I’ve had the EcoContact 6 on the car for around a year now and it was only yesterday that I have had the opportunity to give them a really good work out in the wet.
The Short Version – Continental EcoContact 6 Review Wet Weather
I have hinted at this before but I wanted to withold judgement until I was sure I had given the Contis the best opportunity to show me what they had.
Unfortunately my initial impressions of the EcoContact 6 were better than the reality.
In my experience of the EcoContact 6 tyres in the rain, the performance is totally unacceptable.
Light misty rain, normal rain, torrential rain, temperatures from 16 Celsius down to 9 Celsius
I’m satisfied that I experienced probably every imaginable wet condition in one day.
The tyres (I had on this car) before the EcoContact 6 (Roadstones) were around 5 years old. They were past their best, and they were a budget tyre but even swapping to the EcoContact 6, in the firsts hints of rain, I thought the Roadstones had a definite edge over the EcoContact 6.
To be fair, the Roadstones were not a bad tyre at all. At no point during my time using them did I ever find myself thinking, “the amount of grip they are giving me in these conditions is well below what I would think to be reasonable”. They were a good solid tyre but granted, they did not excel at anything either.
The EcoContact 6 on the other hand excelled in a few areas. Without going into too much detail here, see the other EcoContact 6 reviews for that, in the dry and the snow the EcoContact 6 were generally very good.
In the wet I found them to be a completely different story.
They gave no confidence and they actually had much less grip that you would expect a tyre to have given the conditions.
Yesterday, was the final straw, at least for winter use and at least for wet use in temperatures any lower than about 15 Celsius.
The final straw was the accident that I had yesterday. I am not blaming the tyres for the accident, at the end of the day I was behind the wheel, ultimately the responsibility is mine but what I can say is, the allowances I was having to make were too much and as it turned out even those allowances were not enough.
Motorway, right sweeping curve but a tight right sweeping curve, (dry speed max around 140km/h for most cars), temperature was dropping, it was early evening, had been dark for around 2 hours, road surface more than damp but no standing water, just properly wet. Car went into the corner normally and about half way round the corner the grip started ebbing away into understeer into no steer. From total control to brushing the centre reservation. It took what seemed an age but in reality, probably around 2 seconds.
I was putting very little load into the car but even that was too much. Effectively it felt as if I had run over a diesel spillage except all the cars around me going similar speeds were having no problems.
I can deal with low grip, god knows I had been managing the grip at all day but this loss of grip felt like it was total. And this is the straw that broke the camels back. That and the fact that I need to replace one of the tyres because it’s destroyed and no way I am doing that going into Winter. (Michelin CrossClimate 2 are going on, subscribe for a review of them which I’ll hopefully be releasing in the next couple of weeks, wink wink, nudge nudge )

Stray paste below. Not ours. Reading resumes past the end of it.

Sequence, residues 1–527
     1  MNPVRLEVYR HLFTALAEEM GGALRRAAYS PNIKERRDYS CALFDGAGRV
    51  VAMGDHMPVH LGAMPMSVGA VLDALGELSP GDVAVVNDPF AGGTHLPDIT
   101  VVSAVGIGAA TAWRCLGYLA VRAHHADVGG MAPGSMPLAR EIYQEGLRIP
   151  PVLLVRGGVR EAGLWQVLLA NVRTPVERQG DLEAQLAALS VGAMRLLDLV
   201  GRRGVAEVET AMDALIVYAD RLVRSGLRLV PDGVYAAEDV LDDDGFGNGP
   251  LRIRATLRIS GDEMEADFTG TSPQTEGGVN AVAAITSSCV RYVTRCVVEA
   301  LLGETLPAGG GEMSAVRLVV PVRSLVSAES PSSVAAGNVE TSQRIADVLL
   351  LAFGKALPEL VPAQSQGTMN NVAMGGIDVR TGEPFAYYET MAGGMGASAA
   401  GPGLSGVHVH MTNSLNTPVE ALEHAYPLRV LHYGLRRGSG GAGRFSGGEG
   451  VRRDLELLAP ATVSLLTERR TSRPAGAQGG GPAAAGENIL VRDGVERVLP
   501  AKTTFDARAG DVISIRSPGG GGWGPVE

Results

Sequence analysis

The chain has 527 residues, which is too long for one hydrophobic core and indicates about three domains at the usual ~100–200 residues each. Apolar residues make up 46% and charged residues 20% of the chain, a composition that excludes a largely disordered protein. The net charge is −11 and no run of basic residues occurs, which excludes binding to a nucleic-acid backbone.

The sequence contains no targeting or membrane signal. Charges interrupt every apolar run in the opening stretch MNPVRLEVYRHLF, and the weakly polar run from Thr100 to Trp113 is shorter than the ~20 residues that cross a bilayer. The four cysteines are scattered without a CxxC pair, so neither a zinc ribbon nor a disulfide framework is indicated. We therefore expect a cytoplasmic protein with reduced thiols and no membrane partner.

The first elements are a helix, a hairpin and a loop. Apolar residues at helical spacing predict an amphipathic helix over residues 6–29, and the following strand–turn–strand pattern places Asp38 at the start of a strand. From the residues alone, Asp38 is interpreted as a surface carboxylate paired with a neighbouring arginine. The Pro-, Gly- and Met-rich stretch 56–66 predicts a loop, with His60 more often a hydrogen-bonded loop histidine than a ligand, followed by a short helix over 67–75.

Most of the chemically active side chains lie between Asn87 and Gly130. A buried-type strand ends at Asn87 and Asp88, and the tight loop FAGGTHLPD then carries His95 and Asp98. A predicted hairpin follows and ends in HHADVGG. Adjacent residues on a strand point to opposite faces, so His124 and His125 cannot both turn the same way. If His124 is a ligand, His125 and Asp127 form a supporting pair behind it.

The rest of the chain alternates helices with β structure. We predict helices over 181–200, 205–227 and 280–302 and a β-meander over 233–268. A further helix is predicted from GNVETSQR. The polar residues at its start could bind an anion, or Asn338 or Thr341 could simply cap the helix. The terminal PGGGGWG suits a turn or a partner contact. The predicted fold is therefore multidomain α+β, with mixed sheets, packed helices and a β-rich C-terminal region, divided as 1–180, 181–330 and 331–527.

All day I had been making huge allowances for these tyres.
Motorway driving in the wet. Okay, I’ve had plenty of experience with the EcoContact 6 over the year, on motorways. I know to expect straight line and cornering aqua planing as soon as there is a hint of standing water.
Yesterday, on A-Road and the B-Roads, the tyres just felt like they were constantly being coated in a light spray of diesel.
Driving entailed being ultra careful, get all the speed off in a straight line, and then lose half that speed again, make sure the tyre tracks into the corner and only when you are one hundred percent sure you are well within “normal” limits can you think about applying the power.
So I thought I had it licked.
Imagine the worst wet case scenario for every braking area and every corner, add a fine mist of mental diesel to your mental grip picture and you are taking the amount of care that you need for these tyres…
And then the corner where the accident happened.
Same routine except this time, not enough care and the grip disappeared.
And its not as if I was the fastest thing on the road. There were cars behind me maintaining my speed and they did not spear off the road so I feel confident that it was not something on the road surface.
And I had plenty of time to analyse that piece of road as I was changing the destroyed tyre and I can tell you no other vehicle had a problem getting round that corner.
Continental EcoContact 6 Review Wet Conditions Wrap Up
In anything less than 15 Celsius, in my opinion, Continental EcoContact 6 tyres are a complete and total liability in the wet and above 15 Celsius I believe the driver should treat wet conditions with extreme caution and be prepared for anything.
Again, this is the first time I have ever used a tire that performed so far below what I would expect to be reasonable and this includes using track day tires on the road in wet conditions.
If you are in a dry country, I would recommend the PremiumContact tyres as a better alternative, they are superior in every way and I think the price is similar to the EcoContact.
For the snow. I found the EcoContact 6 to be reasonable in the snow considering they are not a winter tyre by any stretch.
For the wet, I think pretty much anything would be superior.
I will let you know how I get on with the Michelin CrossClimate 2s, I am expecting a simply huge increase in grip in wet grip.